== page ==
The Portuguese Pointer is a very old hunting breed. They are enthusiastic in their work and very dedicated to their owners.Read More
Portuguese Pointer Overall Status
- 20.5 to 22 inches
- Affectionate, Smart, Energetic
- 35 to 59 pounds
- Life Expectancy
- Under 14 years
- Coat Color
- Light Brown, Brown, White & Yellow, Yellow, White
- Barking Level
- When Necessery
Portuguese Pointer Quick Factors
- Dog Friendly
- Exercise Need
- Grooming Needs
- Strangers Friendly
- Family Affectionate
Portuguese Pointer Daily Care
Portuguese Pointers require minimal grooming due to their short, tight coats, but they all seem to enjoy a nice brushing with a rubber curry-type brush anyway, which also helps remove dead hair. In general, their hard coat is good at repelling dirt, so frequent baths are not needed.Routine attention to nails,teeth, and ears is expected.
Energetic and active dogs, Portuguese Pointers require at least an hour's worth of heavy-duty exercise daily. When hunting season is over, this breed will enjoy playing ball, hide and seek and even Frisbee.
The important thing is that he is active or this breed can become destructive. Boredom is the downfall to the Portuguese Pointer. Without physical and mental stimuli, this dog will destroy your home and possessions. An active owner is absolutely necessary for the Portuguese Pointer.
The Portuguese Pointer is a high-energy dog and requires a high-quality diet to meet his nutritional needs.Like all canines, this breed will also require a well-balanced ratio of meat-based proteins, healthy fats, complex carbs and a variety of vitamins and minerals to truly thrive.
Most experts agree that these requirements are met withpremium dry food for dogs. Kibble contains all the important nutrients and it is a convenient way to get your dog all of the diverse ingredients they need to be healthy. For a dog such as the Portuguese Pointer, medium dog breed formula or formula for active, athletic dogs work best. In addition to choosing kibble that suits their size and activity level, make sure that it is age appropriate as well. Puppies, adults, and seniors all have different dietary needs.
Some breeders also recommend feeding food prepared at home, whether cooked or raw. However, if you decide to go with this route, it is crucial to have your veterinarian's approval and guidance. Canine nutrition is complex and it's easy to miss important nutrients or to overfeed your dog- obesity is a serious issue for these active dogs.
Portuguese Pointers are generally a very robust, healthy breed.There are no health issues specific to the breed, though care should be takento ensure breeding dogs and their relatives are free of known health issuesincluding seizures, hip dysplasia, and early-onset cancers or autoimmunediseases.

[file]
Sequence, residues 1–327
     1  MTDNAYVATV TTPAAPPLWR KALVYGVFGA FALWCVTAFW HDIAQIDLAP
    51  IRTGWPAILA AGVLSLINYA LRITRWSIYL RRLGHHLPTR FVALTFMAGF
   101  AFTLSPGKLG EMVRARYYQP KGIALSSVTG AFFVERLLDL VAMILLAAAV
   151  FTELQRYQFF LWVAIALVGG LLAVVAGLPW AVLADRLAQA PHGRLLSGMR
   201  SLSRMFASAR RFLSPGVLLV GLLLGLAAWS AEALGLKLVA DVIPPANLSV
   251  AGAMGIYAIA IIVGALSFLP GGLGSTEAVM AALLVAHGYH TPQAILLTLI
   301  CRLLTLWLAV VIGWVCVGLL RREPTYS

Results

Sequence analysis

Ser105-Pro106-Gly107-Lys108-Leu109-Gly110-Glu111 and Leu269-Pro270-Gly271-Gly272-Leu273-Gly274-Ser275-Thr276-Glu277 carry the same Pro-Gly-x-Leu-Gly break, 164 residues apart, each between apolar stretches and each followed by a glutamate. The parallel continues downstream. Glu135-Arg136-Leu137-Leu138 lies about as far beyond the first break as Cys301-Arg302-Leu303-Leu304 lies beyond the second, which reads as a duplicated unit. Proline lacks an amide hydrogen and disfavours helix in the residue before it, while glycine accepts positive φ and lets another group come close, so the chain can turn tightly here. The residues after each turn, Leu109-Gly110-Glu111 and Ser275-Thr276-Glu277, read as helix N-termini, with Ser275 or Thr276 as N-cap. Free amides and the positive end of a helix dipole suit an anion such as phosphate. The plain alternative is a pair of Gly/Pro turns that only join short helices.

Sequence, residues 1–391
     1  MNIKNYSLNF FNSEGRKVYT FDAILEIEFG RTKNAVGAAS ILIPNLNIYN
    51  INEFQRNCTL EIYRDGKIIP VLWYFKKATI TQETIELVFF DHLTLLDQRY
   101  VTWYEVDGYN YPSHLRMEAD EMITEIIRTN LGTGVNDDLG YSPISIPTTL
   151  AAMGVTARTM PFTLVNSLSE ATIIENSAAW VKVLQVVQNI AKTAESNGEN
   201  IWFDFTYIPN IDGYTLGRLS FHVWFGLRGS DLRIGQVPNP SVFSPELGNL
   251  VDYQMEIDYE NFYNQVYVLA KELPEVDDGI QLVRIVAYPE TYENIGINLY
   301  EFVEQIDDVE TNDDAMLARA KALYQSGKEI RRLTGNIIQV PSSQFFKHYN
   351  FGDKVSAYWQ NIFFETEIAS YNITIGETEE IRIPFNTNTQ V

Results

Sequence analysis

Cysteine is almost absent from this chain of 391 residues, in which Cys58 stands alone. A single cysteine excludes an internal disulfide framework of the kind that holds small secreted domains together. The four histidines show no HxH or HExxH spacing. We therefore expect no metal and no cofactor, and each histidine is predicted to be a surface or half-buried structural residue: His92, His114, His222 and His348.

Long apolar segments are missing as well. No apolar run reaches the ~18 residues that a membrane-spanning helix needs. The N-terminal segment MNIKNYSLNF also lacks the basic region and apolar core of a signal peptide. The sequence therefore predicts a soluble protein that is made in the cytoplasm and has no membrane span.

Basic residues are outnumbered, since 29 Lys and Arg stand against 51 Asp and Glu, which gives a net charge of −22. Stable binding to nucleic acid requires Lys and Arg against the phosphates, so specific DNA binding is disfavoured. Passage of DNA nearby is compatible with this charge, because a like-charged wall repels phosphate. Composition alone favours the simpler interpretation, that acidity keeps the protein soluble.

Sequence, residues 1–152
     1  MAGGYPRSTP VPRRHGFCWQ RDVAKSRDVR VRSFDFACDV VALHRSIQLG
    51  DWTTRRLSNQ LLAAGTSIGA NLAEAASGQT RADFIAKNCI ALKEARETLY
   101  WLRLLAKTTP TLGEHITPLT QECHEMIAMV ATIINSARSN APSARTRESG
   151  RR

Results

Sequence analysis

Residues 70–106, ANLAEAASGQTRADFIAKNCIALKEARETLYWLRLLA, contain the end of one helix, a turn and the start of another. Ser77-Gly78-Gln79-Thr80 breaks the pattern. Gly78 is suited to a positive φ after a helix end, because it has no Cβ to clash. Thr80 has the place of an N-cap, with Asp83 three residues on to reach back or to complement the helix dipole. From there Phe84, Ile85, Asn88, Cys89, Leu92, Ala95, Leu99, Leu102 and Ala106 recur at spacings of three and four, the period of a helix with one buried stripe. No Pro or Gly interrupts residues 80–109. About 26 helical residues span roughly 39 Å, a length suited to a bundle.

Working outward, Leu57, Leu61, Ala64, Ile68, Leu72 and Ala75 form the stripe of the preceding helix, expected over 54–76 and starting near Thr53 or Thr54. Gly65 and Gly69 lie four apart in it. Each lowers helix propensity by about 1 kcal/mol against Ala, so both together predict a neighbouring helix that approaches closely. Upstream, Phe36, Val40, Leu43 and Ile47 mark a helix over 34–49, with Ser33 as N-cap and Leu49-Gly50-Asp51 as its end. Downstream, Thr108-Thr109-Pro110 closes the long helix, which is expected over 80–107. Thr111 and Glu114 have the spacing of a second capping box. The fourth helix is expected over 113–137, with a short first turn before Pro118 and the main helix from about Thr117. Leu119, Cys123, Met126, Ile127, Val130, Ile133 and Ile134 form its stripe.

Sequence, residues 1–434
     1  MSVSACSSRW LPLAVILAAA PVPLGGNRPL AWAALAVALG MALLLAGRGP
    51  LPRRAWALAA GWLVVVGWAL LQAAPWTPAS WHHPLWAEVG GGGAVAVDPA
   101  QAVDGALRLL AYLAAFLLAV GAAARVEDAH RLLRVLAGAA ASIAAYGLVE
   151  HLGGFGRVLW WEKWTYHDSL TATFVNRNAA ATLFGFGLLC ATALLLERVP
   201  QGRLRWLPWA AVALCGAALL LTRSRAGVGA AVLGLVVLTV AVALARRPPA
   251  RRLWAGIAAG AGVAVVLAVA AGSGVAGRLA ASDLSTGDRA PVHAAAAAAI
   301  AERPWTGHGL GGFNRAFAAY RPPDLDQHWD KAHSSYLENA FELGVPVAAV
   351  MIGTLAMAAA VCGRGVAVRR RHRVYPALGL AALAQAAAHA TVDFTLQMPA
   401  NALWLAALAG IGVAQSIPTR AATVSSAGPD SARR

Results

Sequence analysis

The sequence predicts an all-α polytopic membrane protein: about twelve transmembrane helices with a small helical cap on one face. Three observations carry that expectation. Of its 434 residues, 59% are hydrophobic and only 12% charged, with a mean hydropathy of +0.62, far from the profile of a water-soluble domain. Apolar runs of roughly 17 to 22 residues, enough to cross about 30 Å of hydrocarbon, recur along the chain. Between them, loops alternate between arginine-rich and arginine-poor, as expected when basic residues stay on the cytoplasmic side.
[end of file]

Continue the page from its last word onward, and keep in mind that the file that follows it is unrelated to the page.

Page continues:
Portuguese Pointers have a desire to please their owners. They are highly trainable, but will resist training if done in a harsh manner. Only positive training techniques should be implemented when working with this breed. Extreme praise and tempting treats will entice the Portuguese Pointer into performing the behavior that you are soliciting from him. With consistency and patience, the dog will quickly learn the tricks or tasks that are required of him.
A gundog with impeccable instincts, the Portuguese Pointer needs little training to perform his instinctive duties. His ability to spot, detect and point out prey is favored by hunters. The closer connection the hunter has to the dog, the more in tune he will be with his signals.
Portuguese Pointer History
The Portuguese Pointer originated in the IberianPeninsula. Its existence in Portugal can be traced back to the 12th century. Itwas originally bred in royal kennels to be used in falconry and is still used byfalconers in Portugal today.
In the 16th century, it became known as theperdigueiro, deriving this name from the Portuguese word "perdiz" meaning"partridge." During the 18th century, many English families in the business of wine productionestablished a presence in the region of Oporto and came to know the Portuguese hunting breed, which were then taken to England where they played a part in the origin of theEnglish Pointer.
However, during the 19th century, when Portugal was experiencing considerable social hardships, the breed began a progressive decline. It wasn't until the 1920s that some breeders made an effort to salvage the breed by locating some of the ancient Portuguese dogs in the inaccessible north of Portugal.The Portuguese pedigree book was then established in 1932 and the breed standard in 1938. Today, after at least a thousand years, the breed still retains many of the same conformation andfunctional traits as its ancestors.